Why the Amendment Process Is Important in Constitutional Design
We have seen that framers of constitutional republics tend to increase the level of separation of powers as they increase the level of popular control. This principle of constitutional design seems to emerge from some logic inherent in the design process rather than from designers following explicit, articulated normative rules. It was suggested in Chapter 2 that the inherent logic of constitutional design results from humans, on the one hand, seeking to create a supreme power that allows an expanded pursuit of self-preservation, liberty, sociability, and beneficial innovation and, on the other hand, seeking to prevent that supreme power from itself threatening these pursued values. As a secondary principle, framers of constitutions tend to balance the consequences of constituency size with the consequences of legislative size to produce a primary legislature whose size approximates the cube root of the population.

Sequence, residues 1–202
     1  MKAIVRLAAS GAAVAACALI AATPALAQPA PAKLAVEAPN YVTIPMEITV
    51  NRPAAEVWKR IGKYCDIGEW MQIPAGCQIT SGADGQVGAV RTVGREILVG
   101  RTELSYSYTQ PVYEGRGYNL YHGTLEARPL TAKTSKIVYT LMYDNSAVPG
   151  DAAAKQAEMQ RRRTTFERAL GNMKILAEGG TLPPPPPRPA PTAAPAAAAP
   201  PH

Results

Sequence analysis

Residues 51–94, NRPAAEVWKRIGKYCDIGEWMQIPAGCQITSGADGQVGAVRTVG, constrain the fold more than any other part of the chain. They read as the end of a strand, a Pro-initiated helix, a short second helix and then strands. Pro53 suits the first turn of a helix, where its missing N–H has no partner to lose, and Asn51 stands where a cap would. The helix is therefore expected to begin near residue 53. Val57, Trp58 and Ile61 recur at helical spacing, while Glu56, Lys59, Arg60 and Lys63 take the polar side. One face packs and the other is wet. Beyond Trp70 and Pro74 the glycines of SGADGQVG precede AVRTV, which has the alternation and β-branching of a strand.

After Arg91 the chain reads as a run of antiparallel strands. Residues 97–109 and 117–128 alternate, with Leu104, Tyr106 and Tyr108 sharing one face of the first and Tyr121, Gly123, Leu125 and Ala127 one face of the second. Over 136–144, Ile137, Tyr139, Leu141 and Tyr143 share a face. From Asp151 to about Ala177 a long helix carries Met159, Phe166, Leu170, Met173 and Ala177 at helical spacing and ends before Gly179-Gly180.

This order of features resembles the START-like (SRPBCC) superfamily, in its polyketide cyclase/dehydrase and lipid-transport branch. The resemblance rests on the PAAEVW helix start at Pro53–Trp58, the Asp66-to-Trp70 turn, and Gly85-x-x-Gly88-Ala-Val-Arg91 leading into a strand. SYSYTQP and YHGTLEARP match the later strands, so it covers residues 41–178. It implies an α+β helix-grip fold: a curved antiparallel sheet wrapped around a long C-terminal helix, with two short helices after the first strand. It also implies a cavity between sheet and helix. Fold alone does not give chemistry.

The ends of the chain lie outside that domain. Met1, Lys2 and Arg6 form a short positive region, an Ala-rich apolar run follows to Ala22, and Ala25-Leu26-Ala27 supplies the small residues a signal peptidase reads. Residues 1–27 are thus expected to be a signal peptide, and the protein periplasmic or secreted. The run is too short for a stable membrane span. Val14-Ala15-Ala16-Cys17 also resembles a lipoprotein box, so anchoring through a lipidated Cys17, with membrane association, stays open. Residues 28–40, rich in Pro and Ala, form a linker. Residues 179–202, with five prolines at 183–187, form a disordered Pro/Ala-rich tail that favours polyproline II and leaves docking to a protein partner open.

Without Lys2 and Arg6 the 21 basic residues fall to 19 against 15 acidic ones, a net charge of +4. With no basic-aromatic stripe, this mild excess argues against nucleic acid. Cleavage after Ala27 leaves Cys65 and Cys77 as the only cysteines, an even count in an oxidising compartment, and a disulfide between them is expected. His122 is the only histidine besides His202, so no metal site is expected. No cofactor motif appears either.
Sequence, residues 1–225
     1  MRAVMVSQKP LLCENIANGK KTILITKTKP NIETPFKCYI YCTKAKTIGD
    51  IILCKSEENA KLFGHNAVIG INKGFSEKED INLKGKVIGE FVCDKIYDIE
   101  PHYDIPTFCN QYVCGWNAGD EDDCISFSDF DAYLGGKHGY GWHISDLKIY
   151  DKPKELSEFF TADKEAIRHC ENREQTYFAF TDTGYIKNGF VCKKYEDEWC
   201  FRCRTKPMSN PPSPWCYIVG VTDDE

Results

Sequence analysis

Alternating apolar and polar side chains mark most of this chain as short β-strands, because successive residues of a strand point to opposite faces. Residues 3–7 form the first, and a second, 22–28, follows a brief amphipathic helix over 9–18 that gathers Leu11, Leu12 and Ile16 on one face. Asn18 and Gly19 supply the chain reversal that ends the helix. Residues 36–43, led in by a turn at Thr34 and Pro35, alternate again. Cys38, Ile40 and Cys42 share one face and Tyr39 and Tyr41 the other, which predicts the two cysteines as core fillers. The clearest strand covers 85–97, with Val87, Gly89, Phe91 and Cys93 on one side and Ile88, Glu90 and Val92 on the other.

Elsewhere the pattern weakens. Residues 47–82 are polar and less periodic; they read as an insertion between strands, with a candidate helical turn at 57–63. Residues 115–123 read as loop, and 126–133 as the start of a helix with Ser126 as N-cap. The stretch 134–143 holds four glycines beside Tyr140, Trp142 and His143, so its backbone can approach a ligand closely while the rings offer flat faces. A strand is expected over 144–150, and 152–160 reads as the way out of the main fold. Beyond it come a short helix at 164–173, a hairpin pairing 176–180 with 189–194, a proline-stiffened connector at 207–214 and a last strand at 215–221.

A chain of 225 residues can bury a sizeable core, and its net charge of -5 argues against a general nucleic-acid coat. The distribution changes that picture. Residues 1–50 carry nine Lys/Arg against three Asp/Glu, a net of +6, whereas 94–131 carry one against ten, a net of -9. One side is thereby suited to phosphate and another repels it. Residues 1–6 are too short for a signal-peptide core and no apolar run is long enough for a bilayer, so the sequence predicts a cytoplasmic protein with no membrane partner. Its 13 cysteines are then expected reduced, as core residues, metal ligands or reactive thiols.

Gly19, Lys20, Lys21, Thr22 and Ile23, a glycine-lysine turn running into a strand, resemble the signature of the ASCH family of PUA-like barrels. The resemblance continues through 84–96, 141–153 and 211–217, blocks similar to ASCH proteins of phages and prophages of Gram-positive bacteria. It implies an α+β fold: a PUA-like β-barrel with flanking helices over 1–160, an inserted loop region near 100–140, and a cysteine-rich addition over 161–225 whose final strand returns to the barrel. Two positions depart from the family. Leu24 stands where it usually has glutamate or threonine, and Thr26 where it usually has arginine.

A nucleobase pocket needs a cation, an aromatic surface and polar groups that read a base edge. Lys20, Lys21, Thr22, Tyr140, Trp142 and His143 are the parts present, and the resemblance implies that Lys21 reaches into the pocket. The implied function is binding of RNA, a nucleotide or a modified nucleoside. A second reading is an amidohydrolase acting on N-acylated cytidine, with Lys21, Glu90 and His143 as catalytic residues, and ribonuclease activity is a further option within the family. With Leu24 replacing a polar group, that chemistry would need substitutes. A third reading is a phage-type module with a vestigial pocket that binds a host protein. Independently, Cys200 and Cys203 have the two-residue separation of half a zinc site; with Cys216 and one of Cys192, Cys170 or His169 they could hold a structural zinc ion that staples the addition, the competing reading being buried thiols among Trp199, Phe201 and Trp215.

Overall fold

Put another way, under conditions of popular control the elective legislatures that are the core of a constitutional republic should have constituencies that as are as small as possible; but also, under conditions of popular control, the legislatures should not be so large as to fall under the control of legislative elites. As the population of a constitutional republic grows to a size where the attempt to achieve this balance results in both a constituency size and legislative size too large for preventing government itself from threatening popular control, a second house is usually added to the legislature and gradually strengthened as the population grows larger.